My Kenya Diary Part Three: The Heartbreak of HIV
By Jane McLellan
Last updated: 30th July 2011
Tuesday 12th July 2011
My third visit of the day was to a Kenyan women’s group project in an extremely poor community, where many of the women were wearing only dirty rags for clothes. I felt very passionately about this project and became determined to help them out in one way or another. The project aims to educate women, helping them learn English and maths.
They have a system which they call merry-go-round, where each week they all put 100 shillings in a pot. Then the total amount goes to one woman so that she can buy food, clothes or anything else her family needs. Each week the money goes to a different woman and this way everyone feels the benefit of each other’s help and support in a fair and democratic way.
Some of the vital ways that our volunteers can help is not only by teaching these women and improving their education, but also by helping them come up with new ways to make their own money. What they would really like most of all is a sewing machine, so they could make clothes and sell at the local market, a great way of putting their skills to good use and starting their own thriving industry.
After lunch we travelled to our last project of the day, which was a visit to another orphanage. As much as the plight of the children at the previous orphanage project had affected me, this project really shocked me, and all of the other visitors were also deeply affected by what they witnessed. The first thing we did was take a tour of the orphanage buildings. The kids sleep in tiny rooms, with overcrowded bunk beds and no duvets to keep them warm. The smell of urine from the toilets in their room was overpowering, and there was no sign of any toys or books, just rows of bare beds. The classroom where they learn couldn’t even really be called a classroom; it was little more than a shack with very few teaching materials to help the kids learn.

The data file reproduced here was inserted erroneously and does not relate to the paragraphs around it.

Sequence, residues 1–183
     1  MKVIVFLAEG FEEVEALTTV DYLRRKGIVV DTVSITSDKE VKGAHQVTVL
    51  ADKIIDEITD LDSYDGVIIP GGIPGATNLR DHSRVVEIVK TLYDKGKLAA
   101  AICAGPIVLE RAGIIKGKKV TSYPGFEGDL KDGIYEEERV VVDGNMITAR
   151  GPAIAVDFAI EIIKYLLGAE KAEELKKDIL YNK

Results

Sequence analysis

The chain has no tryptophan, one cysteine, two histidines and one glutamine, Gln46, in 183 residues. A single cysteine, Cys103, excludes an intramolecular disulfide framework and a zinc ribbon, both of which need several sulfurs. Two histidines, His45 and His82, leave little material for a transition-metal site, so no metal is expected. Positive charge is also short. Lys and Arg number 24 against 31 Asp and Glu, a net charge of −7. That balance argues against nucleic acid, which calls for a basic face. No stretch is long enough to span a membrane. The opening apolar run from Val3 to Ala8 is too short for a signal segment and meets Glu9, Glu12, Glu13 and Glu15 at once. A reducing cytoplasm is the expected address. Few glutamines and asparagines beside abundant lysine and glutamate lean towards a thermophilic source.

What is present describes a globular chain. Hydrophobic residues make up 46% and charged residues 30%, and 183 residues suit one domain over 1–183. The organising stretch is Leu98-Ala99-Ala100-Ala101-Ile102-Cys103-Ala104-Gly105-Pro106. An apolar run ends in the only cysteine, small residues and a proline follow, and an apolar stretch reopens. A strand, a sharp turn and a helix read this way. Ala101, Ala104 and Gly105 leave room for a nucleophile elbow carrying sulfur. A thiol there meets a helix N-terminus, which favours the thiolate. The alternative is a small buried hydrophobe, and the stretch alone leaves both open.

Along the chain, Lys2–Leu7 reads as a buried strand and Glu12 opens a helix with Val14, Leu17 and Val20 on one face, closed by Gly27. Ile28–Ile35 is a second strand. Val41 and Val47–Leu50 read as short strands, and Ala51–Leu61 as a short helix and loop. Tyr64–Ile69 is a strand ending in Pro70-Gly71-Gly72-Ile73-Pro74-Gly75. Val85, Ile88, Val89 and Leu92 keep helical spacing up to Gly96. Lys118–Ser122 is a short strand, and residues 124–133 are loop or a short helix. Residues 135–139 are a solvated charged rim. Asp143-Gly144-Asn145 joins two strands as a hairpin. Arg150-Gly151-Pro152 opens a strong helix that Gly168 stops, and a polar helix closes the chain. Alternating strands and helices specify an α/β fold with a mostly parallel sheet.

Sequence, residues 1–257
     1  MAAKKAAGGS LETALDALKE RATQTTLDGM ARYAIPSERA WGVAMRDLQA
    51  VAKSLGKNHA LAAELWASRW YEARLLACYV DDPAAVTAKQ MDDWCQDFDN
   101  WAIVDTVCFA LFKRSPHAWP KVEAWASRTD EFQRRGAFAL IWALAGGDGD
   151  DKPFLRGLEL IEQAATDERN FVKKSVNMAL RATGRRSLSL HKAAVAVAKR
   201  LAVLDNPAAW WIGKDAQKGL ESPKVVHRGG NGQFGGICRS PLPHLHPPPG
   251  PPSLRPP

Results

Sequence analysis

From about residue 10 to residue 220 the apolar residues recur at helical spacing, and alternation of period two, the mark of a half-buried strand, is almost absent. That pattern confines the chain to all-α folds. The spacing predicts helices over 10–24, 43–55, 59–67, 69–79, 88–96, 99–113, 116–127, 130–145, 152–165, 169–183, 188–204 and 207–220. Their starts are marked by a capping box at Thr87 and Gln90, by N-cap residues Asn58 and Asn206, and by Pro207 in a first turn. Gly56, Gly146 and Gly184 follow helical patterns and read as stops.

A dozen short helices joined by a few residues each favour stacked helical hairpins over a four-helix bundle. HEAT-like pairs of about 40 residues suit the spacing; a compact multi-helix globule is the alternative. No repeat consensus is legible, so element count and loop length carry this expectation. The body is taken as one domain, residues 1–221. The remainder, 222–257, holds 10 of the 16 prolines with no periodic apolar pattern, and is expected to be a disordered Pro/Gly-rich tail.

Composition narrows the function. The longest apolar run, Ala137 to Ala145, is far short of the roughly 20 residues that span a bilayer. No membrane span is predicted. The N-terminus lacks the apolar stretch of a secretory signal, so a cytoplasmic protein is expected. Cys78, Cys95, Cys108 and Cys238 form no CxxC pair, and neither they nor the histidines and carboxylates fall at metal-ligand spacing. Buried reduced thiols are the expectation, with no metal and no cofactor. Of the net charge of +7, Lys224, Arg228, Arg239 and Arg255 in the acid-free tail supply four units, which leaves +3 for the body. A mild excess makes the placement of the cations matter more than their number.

Every day, these kids go hungry, for the harsh truth is there is just not enough food to go around. After mealtime is over, the kids hold onto their plates, desperately hoping that more food will be served, but sadly this hardly ever happens. Nine of the children in the orphanage are HIV positive, and once a month they have to walk a great distance to get their special medication. I met them when they returned from this difficult trip, and although each one was very tired they still seemed so pleased to see me. Some even gave me a cuddle, while others just shook my hand before they showed me their bag of drugs.
Most of these kids were infected with HIV from birth, but there was one little girl, aged around ten, who got infected after birth. It is a devastating story, but unfortunately an all too common one. Young girls can be offered food, soda or even 50 shillings, in exchange for having sex. When I looked at this vulnerable little girl, my heart just broke. It’s hard to accept that this happens, but sadly this little girl is not alone: Due to her desperation and vulnerability, she is now HIV positive. The only consolation is that she is at least safe and living in the protection of the orphanage. There’s no better reason for making sure we get some dedicated volunteers out there as soon as possible to help change these children’s lives.
We all left this orphanage feeling so sad and with heavy hearts but seeing sights such as this only makes me more determined to support this worthwhile project by sending out volunteers and making donations. The volunteers will be able to help teach, feed and play with these wonderful kids as well assist with cleaning duties and any other activities that the staff may need help with. It really can make a huge difference to the day-to-day lives of these kids, who have already been through so much in their short lives.
When we got back in the car to leave, I felt very emotional, both shocked and saddened by what we had seen. The project staff asked me what my plans were for the evening and asked if I fancied joining them for dinner. After what I had experienced, I didn’t fancy going straight back to my hotel to be on my own so I accepted their invitation. They took me to a Rumba bar, where there was live music and dancing and I had fun watching it all and relaxing. After a couple of Tusker beers, we left and walked to a nearby restaurant, where I tried some traditional food, a yummy chicken and banana combo.
After dinner we were all tired so they dropped me back at my hotel and I went to bed reflecting on the dramatic events of the day. I knew that the following day was going to bring me into contact with other orphanages and projects that would keep having an impact on my Kenyan experience and open my eyes to some even more shocking realities…